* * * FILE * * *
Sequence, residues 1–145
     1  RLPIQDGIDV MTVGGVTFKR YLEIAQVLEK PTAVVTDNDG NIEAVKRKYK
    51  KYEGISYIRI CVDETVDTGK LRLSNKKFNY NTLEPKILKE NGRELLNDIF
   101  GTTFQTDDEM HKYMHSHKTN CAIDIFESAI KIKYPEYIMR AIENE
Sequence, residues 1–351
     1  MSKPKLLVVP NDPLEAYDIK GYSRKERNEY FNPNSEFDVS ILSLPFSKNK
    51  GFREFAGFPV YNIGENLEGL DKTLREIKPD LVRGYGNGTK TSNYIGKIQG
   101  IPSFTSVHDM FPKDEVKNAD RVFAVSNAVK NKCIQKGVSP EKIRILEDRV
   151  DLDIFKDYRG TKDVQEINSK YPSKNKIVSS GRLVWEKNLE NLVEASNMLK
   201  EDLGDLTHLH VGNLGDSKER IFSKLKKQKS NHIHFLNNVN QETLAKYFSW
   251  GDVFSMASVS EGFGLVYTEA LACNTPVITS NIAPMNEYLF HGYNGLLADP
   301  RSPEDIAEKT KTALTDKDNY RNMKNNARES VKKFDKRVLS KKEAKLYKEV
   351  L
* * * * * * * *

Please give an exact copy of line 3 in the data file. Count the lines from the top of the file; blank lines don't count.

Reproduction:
    51  KYEGISYIRI CVDETVDTGK LRLSNKKFNY NTLEPKILKE NGRELLNDIF